Amedeo Modigliani; whose name itself sounds like a sad hymn of beauty, is perhaps one of the most unsung heroes of the art world. And the story of Amedeo and Jeanne’s love is perhaps the saddest of all. When Modigliani died, she couldn’t bear life without him so she threw herself out of the window, eight months pregnant at the time, oh how engulfed in sadness that January of 1920 must have been. Modigliani painted women, he painted them nude, and he painted their heads with large sad eyes, elongated faces, long necks and sloping shoulders. I think Modigliani expressed melancholy and the fragility of life like no other painter. I can’t tell for sure that Syd loved Modigliani, but since he talked about him, I take it that he was at least interested in the story behind his art. I would really like to hear that conversation between Syd and Rock.

gustav klimt beechwood forestGustav Klimt, Beechwood forest, 1902

Klimt

Appealing to Barrett’s Cantabrigian sensibilities were paintings like Gustav Klimt’s 1903 Beechwood Forest, where dense beech trees blot the sky, each leaf captured in one golden brushstroke.

Smouldering eroticism pervades all of Gustav Klimt’s artworks. Sometimes flamboyant, at other occasions toned down, but always burning in the shadow. In ‘Beechwood Forest’, Klimt paints trees with sensuality and elegance. He always painted landscape as a means of meditation, usually on holidays spent in Litzlberg at Lake Attersee, enjoying the warm, sunny days with his life companion Emilie Flöge. Klimt approached painting landscapes the same way he painted women, with visible sensuality and liveliness. The absence of people in all of his landscapes suggest that Klimt perceived the landscape as a living being, mystical pantheism was always prevalent. The nature, in all its greenness, freshness and mystery, was a beautiful woman for Klimt.

1891. James Ensor, Skeletons Fighting Over a Hanged ManJames Ensor, Skeletons Fighting Over a Hanged Man, 1891

James Ensor

Stephen Pyle recalled that Syd’s main interests were expressionist artist Chaim Soutine and surrealist painters Salvador Dali and James Ensor. Ensor’s surreal party of clowns with skeletons cropped up in his artwork even thirty years later.

Belgian painter James Ensor (1860-1949) was a true innovator of the late 19th century art. He was alone and misunderstood amongst his contemporaries, just like many revolutionary artists are, but he helped in clearing the path for some art movements like Surrealism and Expressions which would turn out to be more popular than Ensor himself. Painting ‘Skeletons Fighting Over a Hanged Man’ is a good example of Ensor’s themes and style of painting: skeletons, puppets, masks and intrigues painted in thick but small brushstrokes, with just a hint of morbidness all found their place in Ensor’s art. There’s no doubt that Barrett was inspired by the twisted whimsicality and playfulness of Ensor’s canvases.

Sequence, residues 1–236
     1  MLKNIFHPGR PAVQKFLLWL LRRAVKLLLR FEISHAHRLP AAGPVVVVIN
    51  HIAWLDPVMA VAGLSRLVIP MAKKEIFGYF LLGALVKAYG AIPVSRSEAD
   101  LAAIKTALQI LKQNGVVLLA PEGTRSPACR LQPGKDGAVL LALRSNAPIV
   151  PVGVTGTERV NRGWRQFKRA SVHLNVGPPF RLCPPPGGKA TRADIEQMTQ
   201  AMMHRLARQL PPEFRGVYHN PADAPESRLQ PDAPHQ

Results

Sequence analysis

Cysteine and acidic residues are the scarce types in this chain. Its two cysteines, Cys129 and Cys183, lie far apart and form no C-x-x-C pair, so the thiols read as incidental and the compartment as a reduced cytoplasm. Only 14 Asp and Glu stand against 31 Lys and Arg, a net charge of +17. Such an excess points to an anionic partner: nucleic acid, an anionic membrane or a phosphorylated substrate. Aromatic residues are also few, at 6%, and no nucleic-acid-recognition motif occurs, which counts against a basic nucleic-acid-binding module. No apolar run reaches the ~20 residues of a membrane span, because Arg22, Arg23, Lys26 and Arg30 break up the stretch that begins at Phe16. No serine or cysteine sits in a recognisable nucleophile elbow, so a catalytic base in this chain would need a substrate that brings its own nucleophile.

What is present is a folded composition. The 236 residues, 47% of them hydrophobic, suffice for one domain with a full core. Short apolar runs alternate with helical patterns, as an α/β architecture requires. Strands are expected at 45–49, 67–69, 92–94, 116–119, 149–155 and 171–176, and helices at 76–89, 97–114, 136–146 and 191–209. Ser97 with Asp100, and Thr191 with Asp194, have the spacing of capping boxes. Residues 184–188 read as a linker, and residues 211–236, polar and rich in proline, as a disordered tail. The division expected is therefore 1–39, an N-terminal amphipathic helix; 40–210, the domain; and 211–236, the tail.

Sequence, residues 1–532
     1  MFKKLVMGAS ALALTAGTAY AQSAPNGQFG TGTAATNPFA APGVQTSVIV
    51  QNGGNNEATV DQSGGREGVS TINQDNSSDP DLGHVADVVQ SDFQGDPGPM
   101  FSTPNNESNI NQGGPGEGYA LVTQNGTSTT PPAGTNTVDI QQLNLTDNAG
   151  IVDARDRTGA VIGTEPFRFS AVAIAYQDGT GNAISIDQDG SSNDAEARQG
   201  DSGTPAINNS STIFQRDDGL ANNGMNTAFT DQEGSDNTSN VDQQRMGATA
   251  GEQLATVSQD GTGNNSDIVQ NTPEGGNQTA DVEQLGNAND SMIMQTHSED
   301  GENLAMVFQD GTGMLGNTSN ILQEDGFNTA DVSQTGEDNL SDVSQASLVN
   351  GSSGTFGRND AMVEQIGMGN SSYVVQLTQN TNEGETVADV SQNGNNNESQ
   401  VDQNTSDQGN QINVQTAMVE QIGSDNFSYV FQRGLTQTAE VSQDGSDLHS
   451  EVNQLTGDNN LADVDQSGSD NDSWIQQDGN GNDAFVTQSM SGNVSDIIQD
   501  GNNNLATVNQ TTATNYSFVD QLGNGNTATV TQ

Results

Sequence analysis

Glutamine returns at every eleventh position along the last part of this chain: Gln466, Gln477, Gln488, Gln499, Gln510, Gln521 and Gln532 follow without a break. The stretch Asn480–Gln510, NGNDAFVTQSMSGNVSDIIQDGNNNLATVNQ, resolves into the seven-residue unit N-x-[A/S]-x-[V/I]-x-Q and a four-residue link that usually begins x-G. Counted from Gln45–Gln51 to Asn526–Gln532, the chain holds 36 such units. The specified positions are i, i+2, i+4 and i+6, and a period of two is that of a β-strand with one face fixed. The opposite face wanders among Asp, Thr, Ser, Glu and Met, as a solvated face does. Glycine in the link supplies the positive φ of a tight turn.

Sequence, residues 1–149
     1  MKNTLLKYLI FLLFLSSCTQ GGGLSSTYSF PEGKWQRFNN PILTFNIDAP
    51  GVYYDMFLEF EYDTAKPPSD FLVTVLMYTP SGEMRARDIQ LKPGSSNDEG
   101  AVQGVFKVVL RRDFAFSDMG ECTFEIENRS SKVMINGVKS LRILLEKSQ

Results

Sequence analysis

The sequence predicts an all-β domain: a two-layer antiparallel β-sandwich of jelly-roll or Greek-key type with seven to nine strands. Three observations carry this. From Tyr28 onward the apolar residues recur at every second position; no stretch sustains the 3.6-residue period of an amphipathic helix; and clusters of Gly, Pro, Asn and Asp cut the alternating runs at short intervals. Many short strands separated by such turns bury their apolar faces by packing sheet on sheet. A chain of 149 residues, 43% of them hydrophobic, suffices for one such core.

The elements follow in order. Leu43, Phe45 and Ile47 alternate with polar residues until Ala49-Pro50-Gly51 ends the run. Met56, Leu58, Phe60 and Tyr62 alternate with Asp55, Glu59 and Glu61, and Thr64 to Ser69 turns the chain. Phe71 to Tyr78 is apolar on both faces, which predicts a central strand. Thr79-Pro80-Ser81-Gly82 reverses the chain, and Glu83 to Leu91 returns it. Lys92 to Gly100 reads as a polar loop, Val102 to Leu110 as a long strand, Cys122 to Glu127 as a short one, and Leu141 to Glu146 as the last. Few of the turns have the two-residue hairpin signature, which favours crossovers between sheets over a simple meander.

1920. Les Maisons by SoutineChaim Soutine, Les Maisons, 1920

Soutine

Art historian William Shutes noted,Barrett used large single brushstrokes, built up layer by layer, layer over layer, like relief contours.

Chaim Soutine was a wilful eccentric, an Eastern Jew, an introvert who left no diaries and only a few letters. But he left a lot of paintings, mostly landscapes that all present us with his bitter visions of the world. He painted in thick, heavy brushstrokes laden with pain, anger, resentment and loneliness. In ‘Les Maisons’ the houses are crooked, elongated, painted in murky earthy colours. Their mood of alienation and instability is ever present in Soutine’s art. He portrayed his depression and psychological instability very eloquently. Description of Barrett’s style of painting, layers and layers of colour, relief brushstrokes, reminds me very much of the way Soutine painted; in heavy brushstrokes, tormented by pain and longings, as if layering colours could release the burden off of his soul.

Ren? Magritte, The Son of Man, 1964, Restored by Shimon D. Yanowitz, 2009 øðä îàâøéè, áðå ùì àãí, 1964, øñèåøöéä ò"é ùîòåï éðåáéõ, 2009Rene Magritte, The Son of Man, 1964

Rene Magritte